Category: economics of regulation

The Narrow Corridor: States, Societies, and the Fate of Liberty

POVERTY – Who’s to Blame? – The 2019 Hayek Memorial Lecture – Professor Bryan Caplan

Champ and Freeman on bank capital reserves

Marijuana referendum Yes case needs rescuing, fast

The Yes case for marijuana legalisation in the past few short months have turned favourable polling into a likely defeat. The reason is their current arguments do not pass the laugh test.

The first of these arguments is to carry on about the 870 people currently in prison for low-level drug offences. The effective Yes case slogan is “Too many drug dealers are in prison”. Not a winner.

Only seven people were sent to prison last year just for marijuana drug possession. The maximum term for marijuana possession is three months. Given that, you might suspect that those seven people were mostly gang members on the receiving end of some well-deserved police harassment.

Next up we have Chloe Swarbrick tweeting herself most earnestly into knots arguing that a legal market for marijuana will be smaller than the current illegal market. That claim is straight after long arguing that prohibition failed to contain consumption of marijuana. Somehow less regulation will reduce cannabis consumption and the harm that goes with it than a complete ban.

The Yes case can’t have it both ways. Argue that the war on drugs was lost long ago because everyone has easy access to marijuana if they want it but then argue legalisation will reduce access because users will only use legal outlets and pay tax.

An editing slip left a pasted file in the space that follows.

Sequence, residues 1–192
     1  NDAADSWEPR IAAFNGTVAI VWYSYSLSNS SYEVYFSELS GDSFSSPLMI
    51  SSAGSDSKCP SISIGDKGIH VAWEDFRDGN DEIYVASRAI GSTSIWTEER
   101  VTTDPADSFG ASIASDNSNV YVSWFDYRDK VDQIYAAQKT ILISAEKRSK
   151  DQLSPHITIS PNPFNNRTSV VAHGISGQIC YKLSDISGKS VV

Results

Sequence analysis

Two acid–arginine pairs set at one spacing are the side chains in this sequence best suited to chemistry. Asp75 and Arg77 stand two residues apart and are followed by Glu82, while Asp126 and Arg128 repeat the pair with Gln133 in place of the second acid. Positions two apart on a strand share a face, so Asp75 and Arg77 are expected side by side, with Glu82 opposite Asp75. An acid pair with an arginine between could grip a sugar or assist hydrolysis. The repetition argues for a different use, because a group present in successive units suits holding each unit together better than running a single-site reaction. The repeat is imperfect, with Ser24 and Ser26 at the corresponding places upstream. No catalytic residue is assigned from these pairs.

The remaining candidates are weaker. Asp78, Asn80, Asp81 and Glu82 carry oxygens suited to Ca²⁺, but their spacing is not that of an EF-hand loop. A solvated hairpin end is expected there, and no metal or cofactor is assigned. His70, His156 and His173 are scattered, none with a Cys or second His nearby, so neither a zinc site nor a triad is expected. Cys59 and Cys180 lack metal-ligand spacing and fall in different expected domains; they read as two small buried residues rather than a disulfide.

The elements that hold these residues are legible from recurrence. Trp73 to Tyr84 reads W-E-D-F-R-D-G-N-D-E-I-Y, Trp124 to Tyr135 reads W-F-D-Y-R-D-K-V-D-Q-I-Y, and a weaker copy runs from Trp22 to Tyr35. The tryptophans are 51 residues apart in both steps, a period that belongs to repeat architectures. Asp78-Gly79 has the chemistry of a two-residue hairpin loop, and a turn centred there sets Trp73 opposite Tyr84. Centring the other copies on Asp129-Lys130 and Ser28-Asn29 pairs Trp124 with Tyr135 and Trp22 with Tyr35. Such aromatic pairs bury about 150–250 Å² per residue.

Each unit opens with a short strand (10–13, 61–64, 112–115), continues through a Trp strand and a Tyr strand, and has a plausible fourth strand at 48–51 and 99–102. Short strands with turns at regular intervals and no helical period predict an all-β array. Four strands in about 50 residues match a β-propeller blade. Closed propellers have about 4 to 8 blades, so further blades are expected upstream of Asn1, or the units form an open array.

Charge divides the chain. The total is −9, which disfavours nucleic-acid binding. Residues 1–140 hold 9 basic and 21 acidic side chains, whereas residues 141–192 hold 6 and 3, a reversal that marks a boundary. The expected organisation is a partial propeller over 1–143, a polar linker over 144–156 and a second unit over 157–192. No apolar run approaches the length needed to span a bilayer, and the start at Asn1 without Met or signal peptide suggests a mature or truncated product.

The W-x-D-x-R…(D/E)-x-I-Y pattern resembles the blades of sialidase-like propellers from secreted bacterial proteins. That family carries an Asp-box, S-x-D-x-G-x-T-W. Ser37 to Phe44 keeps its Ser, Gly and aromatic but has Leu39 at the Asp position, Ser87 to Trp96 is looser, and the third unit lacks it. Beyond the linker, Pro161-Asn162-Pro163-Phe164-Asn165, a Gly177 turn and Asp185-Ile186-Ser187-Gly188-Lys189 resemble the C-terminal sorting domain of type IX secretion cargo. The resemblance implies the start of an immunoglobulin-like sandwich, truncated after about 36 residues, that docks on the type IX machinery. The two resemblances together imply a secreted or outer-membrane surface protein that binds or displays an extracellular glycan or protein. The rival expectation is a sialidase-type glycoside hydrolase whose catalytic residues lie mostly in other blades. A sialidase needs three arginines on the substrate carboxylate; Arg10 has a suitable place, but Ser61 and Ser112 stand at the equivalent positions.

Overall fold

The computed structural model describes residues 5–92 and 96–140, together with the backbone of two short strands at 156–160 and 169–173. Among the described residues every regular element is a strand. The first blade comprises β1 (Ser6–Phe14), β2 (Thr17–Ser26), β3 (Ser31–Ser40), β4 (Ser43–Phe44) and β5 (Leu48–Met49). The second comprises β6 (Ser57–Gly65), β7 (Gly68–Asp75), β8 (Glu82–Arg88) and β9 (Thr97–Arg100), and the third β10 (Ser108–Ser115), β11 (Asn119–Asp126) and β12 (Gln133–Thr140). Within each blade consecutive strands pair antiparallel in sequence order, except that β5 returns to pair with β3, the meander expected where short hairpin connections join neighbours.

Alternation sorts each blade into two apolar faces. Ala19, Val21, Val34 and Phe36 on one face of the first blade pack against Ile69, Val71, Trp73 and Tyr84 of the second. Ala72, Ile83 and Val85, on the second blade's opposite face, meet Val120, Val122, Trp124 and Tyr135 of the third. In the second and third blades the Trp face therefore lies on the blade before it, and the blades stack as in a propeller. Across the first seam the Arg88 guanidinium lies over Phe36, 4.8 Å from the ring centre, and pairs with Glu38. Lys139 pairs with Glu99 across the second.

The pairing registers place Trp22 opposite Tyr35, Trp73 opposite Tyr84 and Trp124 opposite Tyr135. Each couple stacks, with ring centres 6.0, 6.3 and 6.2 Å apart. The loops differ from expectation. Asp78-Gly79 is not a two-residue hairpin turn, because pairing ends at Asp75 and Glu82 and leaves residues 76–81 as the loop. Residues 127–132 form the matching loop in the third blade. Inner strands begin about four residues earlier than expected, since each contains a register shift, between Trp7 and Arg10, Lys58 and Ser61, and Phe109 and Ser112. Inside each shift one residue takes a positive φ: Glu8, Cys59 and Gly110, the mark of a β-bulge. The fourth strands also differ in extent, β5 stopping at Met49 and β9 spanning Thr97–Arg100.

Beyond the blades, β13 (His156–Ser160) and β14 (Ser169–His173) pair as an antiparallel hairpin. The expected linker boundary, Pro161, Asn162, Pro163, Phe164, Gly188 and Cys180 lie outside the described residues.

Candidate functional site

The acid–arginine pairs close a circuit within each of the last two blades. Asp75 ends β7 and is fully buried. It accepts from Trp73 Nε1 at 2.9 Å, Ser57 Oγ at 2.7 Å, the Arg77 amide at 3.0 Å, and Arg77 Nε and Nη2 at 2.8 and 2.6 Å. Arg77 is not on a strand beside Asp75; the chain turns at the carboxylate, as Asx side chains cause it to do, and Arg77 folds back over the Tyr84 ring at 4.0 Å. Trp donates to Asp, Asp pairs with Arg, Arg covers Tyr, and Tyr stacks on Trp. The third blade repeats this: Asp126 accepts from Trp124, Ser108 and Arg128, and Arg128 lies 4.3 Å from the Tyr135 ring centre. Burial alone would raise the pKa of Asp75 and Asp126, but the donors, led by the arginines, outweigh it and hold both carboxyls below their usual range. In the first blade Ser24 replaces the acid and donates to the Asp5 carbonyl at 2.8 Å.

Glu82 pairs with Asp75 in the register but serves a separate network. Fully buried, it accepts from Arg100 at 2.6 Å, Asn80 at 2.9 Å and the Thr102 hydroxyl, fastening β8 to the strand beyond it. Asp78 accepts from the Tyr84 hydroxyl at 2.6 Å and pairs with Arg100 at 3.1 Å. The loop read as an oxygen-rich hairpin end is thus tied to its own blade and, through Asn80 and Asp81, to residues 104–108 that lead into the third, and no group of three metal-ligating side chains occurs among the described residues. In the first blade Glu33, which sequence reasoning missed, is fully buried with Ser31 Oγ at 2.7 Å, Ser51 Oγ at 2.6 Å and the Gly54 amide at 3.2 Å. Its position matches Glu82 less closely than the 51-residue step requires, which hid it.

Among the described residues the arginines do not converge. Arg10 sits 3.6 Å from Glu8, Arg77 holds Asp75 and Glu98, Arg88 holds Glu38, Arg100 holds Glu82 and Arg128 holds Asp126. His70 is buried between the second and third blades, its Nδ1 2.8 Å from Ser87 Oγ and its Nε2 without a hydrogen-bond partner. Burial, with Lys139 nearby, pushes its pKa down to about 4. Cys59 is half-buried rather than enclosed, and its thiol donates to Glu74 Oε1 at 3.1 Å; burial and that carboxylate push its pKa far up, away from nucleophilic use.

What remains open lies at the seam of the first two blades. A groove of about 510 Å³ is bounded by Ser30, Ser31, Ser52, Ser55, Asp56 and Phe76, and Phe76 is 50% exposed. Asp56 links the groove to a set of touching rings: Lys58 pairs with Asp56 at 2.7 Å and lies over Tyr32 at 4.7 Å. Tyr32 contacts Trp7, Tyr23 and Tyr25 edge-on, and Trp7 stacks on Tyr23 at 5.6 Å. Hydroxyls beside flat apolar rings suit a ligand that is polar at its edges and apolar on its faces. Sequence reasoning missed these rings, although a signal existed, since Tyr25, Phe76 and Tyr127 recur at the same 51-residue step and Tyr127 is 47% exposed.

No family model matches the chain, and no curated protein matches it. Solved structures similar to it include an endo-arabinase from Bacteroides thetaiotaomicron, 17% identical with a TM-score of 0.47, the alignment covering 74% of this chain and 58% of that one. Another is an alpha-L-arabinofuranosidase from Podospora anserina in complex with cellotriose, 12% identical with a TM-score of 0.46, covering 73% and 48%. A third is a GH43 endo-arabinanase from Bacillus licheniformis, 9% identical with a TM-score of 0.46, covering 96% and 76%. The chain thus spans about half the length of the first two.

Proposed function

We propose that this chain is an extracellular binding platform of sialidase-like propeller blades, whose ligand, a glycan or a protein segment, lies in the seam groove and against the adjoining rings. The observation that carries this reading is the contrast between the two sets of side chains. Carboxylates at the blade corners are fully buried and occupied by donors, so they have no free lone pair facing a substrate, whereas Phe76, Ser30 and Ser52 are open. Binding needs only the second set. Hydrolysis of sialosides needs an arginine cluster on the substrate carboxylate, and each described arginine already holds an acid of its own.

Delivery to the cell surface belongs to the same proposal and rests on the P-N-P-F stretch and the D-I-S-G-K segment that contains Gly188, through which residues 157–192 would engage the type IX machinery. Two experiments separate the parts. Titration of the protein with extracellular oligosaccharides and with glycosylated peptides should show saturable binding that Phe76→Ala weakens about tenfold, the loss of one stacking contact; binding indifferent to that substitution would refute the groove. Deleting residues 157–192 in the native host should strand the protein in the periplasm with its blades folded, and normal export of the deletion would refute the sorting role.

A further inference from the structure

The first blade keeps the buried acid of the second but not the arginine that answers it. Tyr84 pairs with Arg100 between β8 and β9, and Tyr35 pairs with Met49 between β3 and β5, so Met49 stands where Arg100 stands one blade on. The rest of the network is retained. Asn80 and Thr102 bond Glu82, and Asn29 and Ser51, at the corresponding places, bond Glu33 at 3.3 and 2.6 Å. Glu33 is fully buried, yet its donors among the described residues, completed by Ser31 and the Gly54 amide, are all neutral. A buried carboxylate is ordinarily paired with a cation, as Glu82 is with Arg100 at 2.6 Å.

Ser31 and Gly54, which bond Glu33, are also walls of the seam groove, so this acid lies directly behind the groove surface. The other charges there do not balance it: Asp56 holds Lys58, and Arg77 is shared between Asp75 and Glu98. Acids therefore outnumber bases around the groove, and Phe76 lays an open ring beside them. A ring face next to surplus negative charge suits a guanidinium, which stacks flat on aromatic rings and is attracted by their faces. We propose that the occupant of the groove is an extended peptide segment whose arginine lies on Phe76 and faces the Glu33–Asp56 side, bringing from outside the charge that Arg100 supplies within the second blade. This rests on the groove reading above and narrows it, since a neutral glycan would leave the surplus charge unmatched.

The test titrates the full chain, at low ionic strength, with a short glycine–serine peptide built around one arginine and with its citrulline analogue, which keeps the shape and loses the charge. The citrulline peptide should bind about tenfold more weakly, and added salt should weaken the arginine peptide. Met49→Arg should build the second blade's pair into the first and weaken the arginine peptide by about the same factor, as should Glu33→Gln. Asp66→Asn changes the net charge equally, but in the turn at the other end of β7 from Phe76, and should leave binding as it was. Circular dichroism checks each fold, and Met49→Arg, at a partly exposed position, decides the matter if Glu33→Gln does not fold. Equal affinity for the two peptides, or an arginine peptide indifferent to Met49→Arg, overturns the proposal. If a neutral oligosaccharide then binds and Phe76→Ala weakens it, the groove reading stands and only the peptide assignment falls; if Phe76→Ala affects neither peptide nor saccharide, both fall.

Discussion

You can find your nearest marijuana shop on Google maps and on marijuana apps in California; both the 400 odd legal marijuana dispensaries along with at least 4000 illegal dispensaries. Illegal marijuana is readily available and 50% cheaper than from the legal supply in Canada. That assumes you are near the about five or so shops in your entire province that legally sell marijuana.

Prohibition is supposed to always fail but alcohol prohibition in the US in the 1920s was more effective than commonly thought, especially if you base your knowledge on TV gangster programs. Prohibition reduced alcohol consumption in the 1920s by 1/3rd in the USA by the best estimates. Prohibition also greatly reduced public drunkenness and hospital admissions for alcohol-related liver and other diseases. Trends in violence and murders were even ambiguous because there were many more gangland murders but there was also less alcohol-related domestic violence.

Prohibition ended because so many people were still drinking that the public corruption and gang violence became unpopular. Also, prohibition repeal advocates campaigned openly carrying signs saying ‘we want beer’. They were willing to take the good with the bad from the end of prohibition. The fact that 1930s depression hit governments were short of tax revenues was important too.

The experience in the USA and Canada is the illegal trade continues, often to avoid tax. Existing drug dealers lack the clean records to be licensed legally so they stay in business illegally selling tax free. The cover of legality turns legal marijuana states into export states including to Mexico. It can’t be ruled out that if marijuana is legalised here, we will become a cannabis exporter to Australia!

Legal dispensaries may well card check the age of their buyers. But age restrictions have not stopped teenagers having an older mate buy for them or use a fake ID. The District Court regularly convicts licensed premises for selling alcohol to the underaged after a police sting operation. Using a fake ID requires less courage and bluster at a legal dispensary than going to a gang tinny house.